Tuesday, February 25, 2020

Exxon Mobil: This High-Yield Dividend Aristocrat Is Undervalued

By Bob Ciura of Sure Dividend

At Sure Dividend, we are big fans of investing in strong dividend stocks over the long run. In our view, buy-and-hold investors should consider the Dividend Aristocrats, a group of 64 stocks in the S&P 500 Index with at least 25 consecutive years of dividend increases.

The Dividend Aristocrats have a number of shared qualities that make them excellent long-term investments. They widely have growth potential, pay high dividend yields, and generate consistent cash flow each year. The Dividend Aristocrats even have the ability to continue raising dividends in a recession.

The best investment opportunities arise when high-quality dividend growth stocks become undervalued. For this reason, we see Exxon Mobil (XOM) as a long-term buy for dividend growth investors. Exxon Mobil is a high-dividend stock with a 5.7% yield, and it has increased its dividend for over 30 consecutive years. The company has struggled against weak commodity prices in recent years, but we believe it will continue to increase its dividend for many years.

Business Overview and Growth Catalysts


Exxon Mobil is a global oil and gas super-major, with a market capitalization of $253 billion. It is an integrated company, with a portfolio of upstream exploration and production, downstream refining, and chemicals businesses.

2019 was a highly difficult year for Exxon Mobil and the broader energy sector. Weak commodity prices and a 20% increase in capital expenditures caused earnings-per-share to decline by 31% in 2019. Net earnings also declined 31% for the year, to $14.3 billion.



But on the positive side, Exxon Mobil is seeing significant growth from two key areas—the Permian Basin and in Guyana. These two areas represent the company’s most attractive growth catalysts.

First, the Permian Basin is one of the highest-quality oil fields in the United States. Exxon is realizing significant liquids growth there. In the most recent quarter, Permian unconventional production increased 54% from the same quarter last year.

In Guyana, last year Exxon started oil production from the Liza field. Gross production from Liza Phase 1 is expected to reach 120,000 barrels of oil per day over the next few months, while a second floating production vessel currently under construction has expected production capacity of up to 220,000 gross barrels of oil per day.


Source: Earnings Slides


Overall, the potential for Exxon’s Guyana operation is impressive. The company estimates recoverable resources offshore Guyana will exceed 8 billion oil-equivalent barrels. 

Taken together, Exxon’s new projects will allow the company to increase production—and therefore cash flow—even if underlying commodity prices remain flat. And, the company could simultaneously benefit from lower capital expenditure requirements, as these projects come on-line.

Growth And Dividends From This Dividend Aristocrat


We believe a combination of higher oil and gas prices as well as production growth from new projects, will result in a return to earnings-per-share growth for Exxon Mobil. Earnings-per-share fell to $3.36 in 2019, but we expect a snap-back as new projects will require less spending and also begin to generate cash flow. We expect earnings-per-share will grow 12% per year over the next five years.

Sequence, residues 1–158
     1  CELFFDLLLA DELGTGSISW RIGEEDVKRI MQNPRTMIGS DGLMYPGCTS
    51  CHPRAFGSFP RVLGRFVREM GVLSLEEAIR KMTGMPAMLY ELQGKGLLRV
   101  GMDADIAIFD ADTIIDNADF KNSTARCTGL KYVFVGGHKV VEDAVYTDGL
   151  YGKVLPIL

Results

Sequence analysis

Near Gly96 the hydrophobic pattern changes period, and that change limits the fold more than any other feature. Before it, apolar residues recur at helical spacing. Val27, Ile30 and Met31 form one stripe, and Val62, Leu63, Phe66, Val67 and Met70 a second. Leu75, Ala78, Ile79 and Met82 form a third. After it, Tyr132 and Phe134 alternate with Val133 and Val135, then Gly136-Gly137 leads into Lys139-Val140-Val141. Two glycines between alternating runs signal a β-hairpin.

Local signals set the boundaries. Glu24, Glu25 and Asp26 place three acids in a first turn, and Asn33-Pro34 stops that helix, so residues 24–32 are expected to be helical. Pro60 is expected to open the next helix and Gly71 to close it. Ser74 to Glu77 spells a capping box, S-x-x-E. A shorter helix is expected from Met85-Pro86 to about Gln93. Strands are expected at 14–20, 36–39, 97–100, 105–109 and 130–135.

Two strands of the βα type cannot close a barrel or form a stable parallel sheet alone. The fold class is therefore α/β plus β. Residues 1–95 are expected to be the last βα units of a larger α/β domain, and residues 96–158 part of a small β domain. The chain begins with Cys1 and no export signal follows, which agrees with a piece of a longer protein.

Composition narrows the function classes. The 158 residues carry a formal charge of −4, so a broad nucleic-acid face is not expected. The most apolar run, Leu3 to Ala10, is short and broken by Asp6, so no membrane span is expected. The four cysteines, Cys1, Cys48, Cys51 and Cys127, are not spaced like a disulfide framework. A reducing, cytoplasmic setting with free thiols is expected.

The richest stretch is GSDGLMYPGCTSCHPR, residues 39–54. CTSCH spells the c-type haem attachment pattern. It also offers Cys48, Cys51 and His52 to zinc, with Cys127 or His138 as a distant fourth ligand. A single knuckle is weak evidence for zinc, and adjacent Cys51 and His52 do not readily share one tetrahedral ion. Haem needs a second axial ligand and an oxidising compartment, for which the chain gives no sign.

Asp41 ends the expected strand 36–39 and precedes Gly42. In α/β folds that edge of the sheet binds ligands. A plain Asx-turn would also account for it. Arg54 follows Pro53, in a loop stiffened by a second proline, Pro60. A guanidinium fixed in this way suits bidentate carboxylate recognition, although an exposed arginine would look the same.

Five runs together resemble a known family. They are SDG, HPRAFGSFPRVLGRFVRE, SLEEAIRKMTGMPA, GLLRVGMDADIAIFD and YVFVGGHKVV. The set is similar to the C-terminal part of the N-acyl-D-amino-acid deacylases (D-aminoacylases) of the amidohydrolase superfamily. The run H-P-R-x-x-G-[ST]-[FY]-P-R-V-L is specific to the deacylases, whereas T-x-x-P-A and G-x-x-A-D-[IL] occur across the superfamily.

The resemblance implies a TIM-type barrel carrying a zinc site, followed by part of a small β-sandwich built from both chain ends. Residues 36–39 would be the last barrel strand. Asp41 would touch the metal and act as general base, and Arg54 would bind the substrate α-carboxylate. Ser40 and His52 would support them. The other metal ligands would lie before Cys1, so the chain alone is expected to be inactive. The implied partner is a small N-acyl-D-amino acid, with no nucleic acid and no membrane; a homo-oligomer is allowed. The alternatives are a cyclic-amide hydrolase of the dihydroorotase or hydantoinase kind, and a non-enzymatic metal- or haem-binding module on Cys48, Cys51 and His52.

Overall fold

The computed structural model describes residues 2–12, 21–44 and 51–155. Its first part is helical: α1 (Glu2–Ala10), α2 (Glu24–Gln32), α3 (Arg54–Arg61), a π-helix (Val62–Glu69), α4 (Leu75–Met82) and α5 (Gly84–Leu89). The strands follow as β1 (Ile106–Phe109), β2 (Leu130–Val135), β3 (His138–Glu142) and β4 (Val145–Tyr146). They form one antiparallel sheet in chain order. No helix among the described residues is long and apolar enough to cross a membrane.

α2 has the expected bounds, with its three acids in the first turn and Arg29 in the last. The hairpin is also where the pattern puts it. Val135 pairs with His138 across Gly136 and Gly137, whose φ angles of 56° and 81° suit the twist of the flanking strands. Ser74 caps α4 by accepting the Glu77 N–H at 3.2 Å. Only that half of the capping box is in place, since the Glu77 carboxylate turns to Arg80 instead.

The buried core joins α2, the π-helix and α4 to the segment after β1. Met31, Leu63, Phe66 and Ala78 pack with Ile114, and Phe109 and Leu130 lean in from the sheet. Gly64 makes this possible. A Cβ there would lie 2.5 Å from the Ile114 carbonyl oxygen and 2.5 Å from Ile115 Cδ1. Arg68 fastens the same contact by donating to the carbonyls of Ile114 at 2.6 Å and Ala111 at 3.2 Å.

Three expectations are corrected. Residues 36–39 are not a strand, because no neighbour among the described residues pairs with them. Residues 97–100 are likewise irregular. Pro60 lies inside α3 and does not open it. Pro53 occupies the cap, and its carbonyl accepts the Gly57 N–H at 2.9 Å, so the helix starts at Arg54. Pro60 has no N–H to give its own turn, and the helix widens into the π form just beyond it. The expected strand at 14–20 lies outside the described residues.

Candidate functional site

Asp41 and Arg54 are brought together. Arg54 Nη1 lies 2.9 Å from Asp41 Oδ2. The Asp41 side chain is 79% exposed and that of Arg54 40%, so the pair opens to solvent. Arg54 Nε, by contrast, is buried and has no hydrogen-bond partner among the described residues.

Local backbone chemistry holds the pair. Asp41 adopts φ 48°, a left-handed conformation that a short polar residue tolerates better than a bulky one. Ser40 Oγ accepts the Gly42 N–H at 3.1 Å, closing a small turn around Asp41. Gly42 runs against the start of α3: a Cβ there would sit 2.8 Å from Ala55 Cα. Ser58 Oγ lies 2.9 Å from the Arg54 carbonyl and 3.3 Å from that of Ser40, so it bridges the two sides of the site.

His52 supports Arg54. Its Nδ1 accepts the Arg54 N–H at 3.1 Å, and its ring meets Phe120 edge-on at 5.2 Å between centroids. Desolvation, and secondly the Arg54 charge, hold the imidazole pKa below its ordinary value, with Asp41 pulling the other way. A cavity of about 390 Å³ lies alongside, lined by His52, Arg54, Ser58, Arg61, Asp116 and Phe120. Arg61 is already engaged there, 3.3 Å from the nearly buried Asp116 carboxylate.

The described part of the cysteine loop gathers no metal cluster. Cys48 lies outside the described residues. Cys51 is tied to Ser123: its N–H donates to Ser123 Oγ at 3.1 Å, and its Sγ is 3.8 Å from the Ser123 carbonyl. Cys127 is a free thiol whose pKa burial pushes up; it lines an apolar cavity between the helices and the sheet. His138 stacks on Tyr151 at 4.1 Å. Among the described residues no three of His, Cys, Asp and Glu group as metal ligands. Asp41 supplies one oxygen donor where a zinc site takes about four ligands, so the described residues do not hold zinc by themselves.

In the near-term, asset sales will help the company continue to raise its dividend. In the 2019 fourth quarter, the company completed the previously announced sale of its non-operated upstream assets in Norway for $4.5 billion. More broadly, Exxon plans to divest approximately $15 billion in non-strategic assets by 2021. These asset sales will help free up cash for growth investment and dividends, without having to weaken the company’s excellent balance sheet with debt issuances.

Exxon Mobil has a high dividend yield of 5.7%. It has paid the same dividend rate for the past four declarations. The company typically increases its dividend for the second quarter payment, which means a dividend hike in the coming months is very likely for this Dividend Aristocrat. The dividend yield is currently at a 10-year high and is likely to increase even further with the upcoming dividend raise. As a result, we view this is an opportune time for income investors to consider Exxon Mobil stock.

The Bottom Line


Exxon Mobil stock has deeply underperformed the S&P 500 for the past several years. But this could be a buying opportunity for long-term investors. The company has a long history of raising its dividend each year, even during the Great Recession and with weak oil prices. The declining share price has elevated the dividend yield to 5.7%, a very attractive yield for a time-tested Dividend Aristocrat.

Disclosure: The author is personally long XOM.

This article was written by Bob Ciura of Sure Dividend.
Bob has worked at Sure Dividend since October 2016 and oversees all content for Sure Dividend 
and its partner sites. Prior to joining Sure Dividend, Bob was an independent equity analyst. 
He received a Bachelor’s degree in Finance from DePaul University and 
an MBA with a concentration in Investments from the University of Notre Dame.

2 comments :

  1. Risk is a declining world-wide economy and the increasing use of green energy.

    ReplyDelete
    Replies
    1. Indeed, though XOM and other big energy companies have the capacity to reinvent themselves.

      Delete

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